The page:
In a society that no longer understands the figure of the ascetic and the warrior; in which the hands of the latest aristocrats seem better fit to hold tennis rackets or shakers for cocktail mixes than swords or sceptres; in which the archetype of the virile man is represented by a boxer or by a movie star…or the busy and dirty money-making banker and the politician – in such a society in was only a matter of time before women rose up and claimed for themselves a ‘personality’ and a ‘freedom’ according to the anarchist and individualist meaning usually associated with these words.
Here, we may infer that modern feminism is not possible without the degeneration of men in the first place. Indeed, once the Ghibelline ideal faded from the face of Europe, it was only a matter of time before monarchies degenerated weakling states and aristocracies of the spirit were transformed into aristocracies of wealth. From here, it was only decades until the notion of democracy, complete with the trappings of the Kali Yuga, would reign supreme.
Once the appex dissapeared, authority descended to the level inmediately below, that is, to the caste of the warriors. The stage was then set for monarchs who were mere military leaders, lords of temporal justice and, in more recent times, politically absolute sovereigns. In other words, regality of blood replaced regality of the spirit. In a few instances it is still posible to find the idea of “divine right,” but only as a formula lacking a real content. We find such rulers in antiquity behind institutions that retained the traits of the ancient sacred regime only in a formal way. In any event in the West, with the dissolution of the medieval ecumene, the passage into the second phase became all-enbracing and definitive. During this stage, the fides cementing the state no longer had a religious character, but only a warrior one; it meant loyalty, faithfulness, honor. This was essentially the age and the cycle of the Great European monarchies.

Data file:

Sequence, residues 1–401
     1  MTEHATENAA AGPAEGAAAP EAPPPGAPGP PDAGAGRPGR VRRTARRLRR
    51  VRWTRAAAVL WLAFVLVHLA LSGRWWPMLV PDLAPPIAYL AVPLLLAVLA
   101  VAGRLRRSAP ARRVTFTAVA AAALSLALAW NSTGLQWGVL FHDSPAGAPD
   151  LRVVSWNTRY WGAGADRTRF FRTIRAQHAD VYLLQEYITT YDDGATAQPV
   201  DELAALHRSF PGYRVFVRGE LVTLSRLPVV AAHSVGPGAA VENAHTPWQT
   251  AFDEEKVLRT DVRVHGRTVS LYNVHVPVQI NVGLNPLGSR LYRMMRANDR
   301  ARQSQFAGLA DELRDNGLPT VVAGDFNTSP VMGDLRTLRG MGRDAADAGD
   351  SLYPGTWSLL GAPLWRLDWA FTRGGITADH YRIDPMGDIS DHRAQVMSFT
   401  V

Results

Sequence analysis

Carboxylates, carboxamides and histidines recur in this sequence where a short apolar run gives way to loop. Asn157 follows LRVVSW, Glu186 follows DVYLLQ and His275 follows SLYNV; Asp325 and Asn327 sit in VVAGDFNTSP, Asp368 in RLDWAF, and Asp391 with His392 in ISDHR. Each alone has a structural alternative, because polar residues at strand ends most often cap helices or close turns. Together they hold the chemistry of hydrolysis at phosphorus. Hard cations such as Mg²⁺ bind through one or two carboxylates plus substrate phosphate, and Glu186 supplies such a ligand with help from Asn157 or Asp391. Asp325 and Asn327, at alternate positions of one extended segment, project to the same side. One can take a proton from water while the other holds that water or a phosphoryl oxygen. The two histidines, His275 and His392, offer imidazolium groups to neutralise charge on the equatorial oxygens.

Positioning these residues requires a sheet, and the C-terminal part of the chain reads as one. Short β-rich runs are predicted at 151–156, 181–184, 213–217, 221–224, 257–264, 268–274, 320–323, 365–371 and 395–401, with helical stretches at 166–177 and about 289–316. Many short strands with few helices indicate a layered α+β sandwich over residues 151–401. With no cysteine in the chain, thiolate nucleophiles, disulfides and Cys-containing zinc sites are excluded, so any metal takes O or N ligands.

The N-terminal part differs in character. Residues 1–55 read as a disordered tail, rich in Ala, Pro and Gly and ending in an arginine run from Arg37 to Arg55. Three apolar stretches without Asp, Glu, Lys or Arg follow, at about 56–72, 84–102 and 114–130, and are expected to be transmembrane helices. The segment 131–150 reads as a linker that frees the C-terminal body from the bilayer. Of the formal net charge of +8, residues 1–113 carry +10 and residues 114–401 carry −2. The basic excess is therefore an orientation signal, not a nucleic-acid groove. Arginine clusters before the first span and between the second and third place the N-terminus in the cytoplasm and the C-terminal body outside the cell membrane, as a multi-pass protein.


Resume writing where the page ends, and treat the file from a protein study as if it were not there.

Then a second collapse ocurred as the aristocracies began to fall into decay and the monarchies to shake at the foundations; through revolutions and constitutions they became useless institutions subject to the “will of the nation,” and sometimes they were even ousted by different regimes. And what was the result on the relationship between men and women? In such a society, feminism caused women to lose their personality. Indeed, rather than exalting the true femininity, it forced women to adopt an imitation of the male personality, while ironically, it became opposed to masculinity.
Yet it was not here that modern feminism stopped, for where Traditional ideas had at least allowed man and woman to be equal, while fulfilling different roles in society, modern, radical feminism posits the superiority of women to men, and in so doing, transgresses all the boundaries of nature. As Kenneth Minogue notes, “Radical feminism is essentially a humorless rationalism which seeks a single right attitude to be imposed on men and women alike.”
In the end, modern woman, subjected to feminism, will be affected by the neurotic complexes wrought by modernity. All this cannot but have a dire consequence on the generations to come – not just on women, but on families and men as well.